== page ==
Norman Stanfield, Ph.D.|
Biography of a Gaijin Komuso (September 2003)
During his preparations for graduation as a professional flutist, Norman Stanfield learned about the shakuhachi from Elliot Weisgarber, the first scholar to publish an article about the shakuhachi in an academic journal (Ethnomusicology, 1968). After entering graduate studies in ethnomusicology with a minor in Buddhology under Dr. Shotaro Iida, Norman Stanfield followed in the steps of Professor Weisgarber, travelling to Japan to study with his sensei, Tanaka (Motonobu) Yudo, a descendent of the Kinko-ryu lineage via Notomi Judo, founder of the Domon-kai (est. 1973) and a student of Araki Kodo III.
While studying the shakuhachi in Kwansei Gagakin Daigaku university in Nishinomiya (near Kobe), he lived in Kyoto where he discovered the Meian-kyokai, an organization of shakuhachi players devoted entirely to the study of honkyoku, and resident in the Meian-ji temple within the temple community of Tofuku-ji (SE Kyoto). Shortly afterwards he began to study with Dr. Kojima (Toyoaki) Issui, a distinguished student of Tanakita MUCHIKU, 37th Abbot of Meian-ji, and Koizumi RYOAN SHIZAN, 38th Abbot and a direct musical descendent of Higuchi TAIZAN, the founder of the Taizan-ryu school within the Meian-kyokai and compiler of their official Honkyoku repertoire.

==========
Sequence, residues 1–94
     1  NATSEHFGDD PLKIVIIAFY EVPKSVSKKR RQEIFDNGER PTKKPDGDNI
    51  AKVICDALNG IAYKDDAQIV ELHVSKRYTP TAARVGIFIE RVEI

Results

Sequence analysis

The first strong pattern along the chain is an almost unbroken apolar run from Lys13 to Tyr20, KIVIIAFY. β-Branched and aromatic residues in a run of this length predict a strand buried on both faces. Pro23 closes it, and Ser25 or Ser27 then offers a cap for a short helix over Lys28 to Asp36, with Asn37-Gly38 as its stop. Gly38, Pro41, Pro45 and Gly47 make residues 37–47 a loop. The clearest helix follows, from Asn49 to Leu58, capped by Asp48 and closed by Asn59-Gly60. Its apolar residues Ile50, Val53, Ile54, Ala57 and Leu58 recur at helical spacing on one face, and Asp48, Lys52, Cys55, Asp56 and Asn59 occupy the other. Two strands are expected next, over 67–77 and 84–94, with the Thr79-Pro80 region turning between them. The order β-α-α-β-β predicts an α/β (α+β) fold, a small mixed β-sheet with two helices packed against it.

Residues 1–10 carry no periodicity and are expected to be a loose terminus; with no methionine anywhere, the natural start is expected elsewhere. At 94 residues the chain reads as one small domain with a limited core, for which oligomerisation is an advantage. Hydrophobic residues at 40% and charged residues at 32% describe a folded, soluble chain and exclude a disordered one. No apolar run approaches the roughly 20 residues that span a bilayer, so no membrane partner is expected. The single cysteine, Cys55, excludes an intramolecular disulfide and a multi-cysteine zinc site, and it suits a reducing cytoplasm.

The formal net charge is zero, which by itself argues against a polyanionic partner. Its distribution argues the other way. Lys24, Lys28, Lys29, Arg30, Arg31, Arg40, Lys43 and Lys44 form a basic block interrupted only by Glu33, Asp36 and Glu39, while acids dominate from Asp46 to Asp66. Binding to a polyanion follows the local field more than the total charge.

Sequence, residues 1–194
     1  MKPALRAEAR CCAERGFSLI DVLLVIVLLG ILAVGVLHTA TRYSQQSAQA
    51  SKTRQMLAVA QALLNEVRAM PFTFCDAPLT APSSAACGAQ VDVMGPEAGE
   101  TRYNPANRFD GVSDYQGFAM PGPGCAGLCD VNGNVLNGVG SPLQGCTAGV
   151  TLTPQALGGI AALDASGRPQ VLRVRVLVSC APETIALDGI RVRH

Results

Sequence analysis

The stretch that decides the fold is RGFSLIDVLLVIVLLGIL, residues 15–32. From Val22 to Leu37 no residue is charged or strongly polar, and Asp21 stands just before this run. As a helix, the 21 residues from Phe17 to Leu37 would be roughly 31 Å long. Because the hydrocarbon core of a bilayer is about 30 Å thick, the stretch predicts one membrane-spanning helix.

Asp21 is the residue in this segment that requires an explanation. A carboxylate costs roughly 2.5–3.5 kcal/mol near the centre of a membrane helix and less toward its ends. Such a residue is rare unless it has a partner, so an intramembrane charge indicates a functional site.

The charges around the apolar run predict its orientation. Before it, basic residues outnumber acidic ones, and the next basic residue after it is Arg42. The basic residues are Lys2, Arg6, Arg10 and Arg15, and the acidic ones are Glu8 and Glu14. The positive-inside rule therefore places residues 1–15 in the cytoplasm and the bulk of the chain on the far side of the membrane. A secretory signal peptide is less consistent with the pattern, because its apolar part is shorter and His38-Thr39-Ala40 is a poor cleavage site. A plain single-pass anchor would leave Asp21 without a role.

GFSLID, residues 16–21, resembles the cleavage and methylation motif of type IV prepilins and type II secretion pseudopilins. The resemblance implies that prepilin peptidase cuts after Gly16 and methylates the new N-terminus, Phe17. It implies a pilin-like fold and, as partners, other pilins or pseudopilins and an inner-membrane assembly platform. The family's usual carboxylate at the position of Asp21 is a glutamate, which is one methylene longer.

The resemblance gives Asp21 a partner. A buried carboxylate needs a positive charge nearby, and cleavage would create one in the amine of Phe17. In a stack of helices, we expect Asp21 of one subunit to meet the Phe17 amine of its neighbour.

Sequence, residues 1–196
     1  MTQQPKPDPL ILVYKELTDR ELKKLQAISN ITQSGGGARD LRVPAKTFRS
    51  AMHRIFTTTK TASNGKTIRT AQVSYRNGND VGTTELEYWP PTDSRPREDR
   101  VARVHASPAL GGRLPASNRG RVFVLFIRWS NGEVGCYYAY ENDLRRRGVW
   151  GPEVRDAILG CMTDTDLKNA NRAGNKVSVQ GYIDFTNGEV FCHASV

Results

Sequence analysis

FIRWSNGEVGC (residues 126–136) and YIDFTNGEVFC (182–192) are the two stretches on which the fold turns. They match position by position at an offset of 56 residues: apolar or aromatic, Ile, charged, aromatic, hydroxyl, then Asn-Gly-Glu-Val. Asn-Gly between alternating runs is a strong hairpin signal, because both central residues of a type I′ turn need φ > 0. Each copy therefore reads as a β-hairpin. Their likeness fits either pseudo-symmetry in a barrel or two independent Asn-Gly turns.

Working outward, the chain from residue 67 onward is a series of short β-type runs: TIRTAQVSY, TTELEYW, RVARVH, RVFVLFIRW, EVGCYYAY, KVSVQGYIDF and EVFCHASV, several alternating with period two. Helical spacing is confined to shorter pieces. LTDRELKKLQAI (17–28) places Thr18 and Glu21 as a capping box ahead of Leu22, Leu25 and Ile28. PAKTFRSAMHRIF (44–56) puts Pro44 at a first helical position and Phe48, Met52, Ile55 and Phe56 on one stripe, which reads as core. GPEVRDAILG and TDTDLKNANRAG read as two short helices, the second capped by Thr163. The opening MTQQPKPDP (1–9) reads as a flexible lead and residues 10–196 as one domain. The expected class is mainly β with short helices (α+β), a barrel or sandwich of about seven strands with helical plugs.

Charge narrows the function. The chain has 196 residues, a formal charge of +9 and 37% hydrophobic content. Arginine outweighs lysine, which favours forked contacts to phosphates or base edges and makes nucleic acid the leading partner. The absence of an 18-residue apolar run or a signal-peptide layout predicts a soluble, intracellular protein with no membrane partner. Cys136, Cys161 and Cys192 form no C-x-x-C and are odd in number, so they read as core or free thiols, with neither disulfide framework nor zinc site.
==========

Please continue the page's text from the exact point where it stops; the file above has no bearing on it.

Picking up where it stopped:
Norman Stanfield completed a Master's Thesis entitled The San Koten Honkyoku of the Kinko-ryu and in 1985 became a governor of the International Shakuhachi Society and recipient of a Menkyo-joh certificate that acknowledged his contributions and awarded him the Goh (Honorific Name) of Yushin.
During Expo 86 in Vancouver, as an Artist-In-Residence he was commissioned to portray a Komuso, wandering the site in full costume including Tengai basket hat, seemingly in constant search for takuhatsu alms. At the end of the exposition the director of the Japanese Pavilion gave him a special commendation for his sensitive and accurate portrayal. Because of the nature of the mask-like hat, none of the several million visitors ever saw his (gaijin) face.
|A Biography of Tanaka Yûdô |
|The Kinko-Ryu and its San Koten Honkyoku |
|Master of Arts, University of British Columbia||1977||294||English|